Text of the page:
The United States will halt some of its foreign assistance projects in Niger, with the State Department saying such aid depends on “democratic governance” in the African nation following an abrupt transfer of power there last month.
Secretary of State Antony Blinken announced the move on Friday, noting that certain programs “benefiting the government of Niger” would be put on hold as US officials review “the situation on the ground” given the recent bout of unrest.
“As we have made clear since the outset of this situation, the provision of US assistance to the government of Niger depends on democratic governance and respect for constitutional order,” Blinken said, reiterating a prior call for “the immediate restoration of Niger’s democratically-elected government.”
The diplomat went on to say the decision would not affect humanitarian projects and US food assistance to Niger, and that security operations and the protection of American personnel would also continue.
Blinken did not specify which programs would be paused, but according to the US Embassy in Niamey, the Pentagon and State Department alone provided Niger with over $500 million in military gear and training between 2012 and 2021.
Though Washington has yet to describe the situation in Niger as a “coup,” it has repeatedly condemned the military junta which removed President Mohamed Bazoum’s government from power late last month, demanding he be restored to office. The president was detained in the wake of his ouster, and has described himself as a “hostage” under junta leader Abdourahmane Tchiani.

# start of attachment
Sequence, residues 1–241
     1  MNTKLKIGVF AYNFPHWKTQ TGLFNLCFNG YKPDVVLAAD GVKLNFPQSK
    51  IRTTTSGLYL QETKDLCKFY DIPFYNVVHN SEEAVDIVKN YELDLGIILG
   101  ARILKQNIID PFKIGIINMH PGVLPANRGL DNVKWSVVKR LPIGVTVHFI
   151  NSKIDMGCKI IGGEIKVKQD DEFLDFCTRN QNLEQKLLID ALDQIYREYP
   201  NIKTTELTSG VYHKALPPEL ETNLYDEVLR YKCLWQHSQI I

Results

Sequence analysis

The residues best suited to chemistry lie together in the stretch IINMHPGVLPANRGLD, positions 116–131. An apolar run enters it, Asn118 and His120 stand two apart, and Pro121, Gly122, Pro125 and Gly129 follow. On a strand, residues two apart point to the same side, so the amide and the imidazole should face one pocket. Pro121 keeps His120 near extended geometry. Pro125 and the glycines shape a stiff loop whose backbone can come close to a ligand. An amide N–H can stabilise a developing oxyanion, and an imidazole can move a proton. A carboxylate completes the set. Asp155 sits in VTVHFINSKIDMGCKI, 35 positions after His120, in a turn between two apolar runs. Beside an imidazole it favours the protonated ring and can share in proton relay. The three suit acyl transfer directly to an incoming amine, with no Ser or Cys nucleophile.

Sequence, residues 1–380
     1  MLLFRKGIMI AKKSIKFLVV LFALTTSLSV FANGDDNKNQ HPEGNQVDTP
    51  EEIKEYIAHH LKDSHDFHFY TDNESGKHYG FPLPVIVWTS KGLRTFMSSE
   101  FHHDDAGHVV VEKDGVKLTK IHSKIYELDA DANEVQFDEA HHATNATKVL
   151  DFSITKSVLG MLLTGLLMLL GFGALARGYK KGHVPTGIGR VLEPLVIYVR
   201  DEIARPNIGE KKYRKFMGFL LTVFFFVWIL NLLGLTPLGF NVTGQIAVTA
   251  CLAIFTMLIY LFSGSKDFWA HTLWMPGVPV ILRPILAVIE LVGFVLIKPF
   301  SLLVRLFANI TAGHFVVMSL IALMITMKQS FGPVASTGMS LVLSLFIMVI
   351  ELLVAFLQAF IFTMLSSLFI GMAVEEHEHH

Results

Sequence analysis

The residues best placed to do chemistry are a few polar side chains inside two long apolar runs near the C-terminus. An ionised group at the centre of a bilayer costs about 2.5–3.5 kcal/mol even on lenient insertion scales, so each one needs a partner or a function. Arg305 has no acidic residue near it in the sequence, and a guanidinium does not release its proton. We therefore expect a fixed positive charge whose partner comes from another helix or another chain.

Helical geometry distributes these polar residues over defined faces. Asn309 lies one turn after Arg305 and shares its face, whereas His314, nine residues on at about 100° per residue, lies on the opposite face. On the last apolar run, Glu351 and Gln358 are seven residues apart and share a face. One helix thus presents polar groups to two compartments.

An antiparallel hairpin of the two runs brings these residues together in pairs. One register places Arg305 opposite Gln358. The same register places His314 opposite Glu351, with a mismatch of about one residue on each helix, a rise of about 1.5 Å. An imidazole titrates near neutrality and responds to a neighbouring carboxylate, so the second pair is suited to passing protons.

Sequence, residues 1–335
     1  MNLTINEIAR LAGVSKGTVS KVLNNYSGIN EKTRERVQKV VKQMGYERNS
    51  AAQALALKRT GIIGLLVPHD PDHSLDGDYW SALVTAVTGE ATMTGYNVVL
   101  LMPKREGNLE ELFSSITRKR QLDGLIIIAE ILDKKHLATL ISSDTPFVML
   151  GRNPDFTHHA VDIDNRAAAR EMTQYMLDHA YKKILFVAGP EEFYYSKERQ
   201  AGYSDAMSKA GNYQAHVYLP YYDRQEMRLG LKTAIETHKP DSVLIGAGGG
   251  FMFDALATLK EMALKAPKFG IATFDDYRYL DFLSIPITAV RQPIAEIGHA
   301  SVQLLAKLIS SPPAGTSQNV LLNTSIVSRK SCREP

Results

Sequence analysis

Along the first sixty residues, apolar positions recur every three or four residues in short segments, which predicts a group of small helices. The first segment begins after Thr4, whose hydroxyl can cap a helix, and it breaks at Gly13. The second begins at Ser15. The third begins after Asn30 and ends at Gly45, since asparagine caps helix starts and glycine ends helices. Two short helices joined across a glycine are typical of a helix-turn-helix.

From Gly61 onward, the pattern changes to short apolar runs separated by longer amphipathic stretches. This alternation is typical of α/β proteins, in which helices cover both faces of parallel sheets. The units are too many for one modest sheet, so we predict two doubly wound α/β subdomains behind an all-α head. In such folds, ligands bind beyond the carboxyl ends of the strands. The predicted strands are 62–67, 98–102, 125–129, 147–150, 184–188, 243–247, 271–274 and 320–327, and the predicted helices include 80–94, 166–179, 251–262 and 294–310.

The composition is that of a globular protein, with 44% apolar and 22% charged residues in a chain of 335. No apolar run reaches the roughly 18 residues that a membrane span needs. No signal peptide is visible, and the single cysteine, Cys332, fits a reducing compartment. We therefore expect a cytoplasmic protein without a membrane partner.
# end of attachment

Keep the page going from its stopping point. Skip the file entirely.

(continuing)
In an op-ed published by the Washington Post on Thursday, the deposed head of state called for US intervention to “help us restore our constitutional order,” arguing that Niger’s “potential fall” poses a major threat to the entire region.
While US officials have so far shown little willingness for a direct intervention, Washington currently maintains around 1,000 troops in the African state. Some of Niger’s neighbors have prepared their own military options, with the Economic Community of West African States (ECOWAS) saying it had already devised plans to remove the junta by force earlier on Friday.
However, two other countries in the region, Mali and Burkina Faso, have warned against any intervention by ECOWAS, stating it would “amount to a declaration of war” on their respective nations. Both have vowed to withdraw from the bloc and “adopt self-defense measures in support of the armed forces and the people of Niger” in the event of military involvement by the regional collective.
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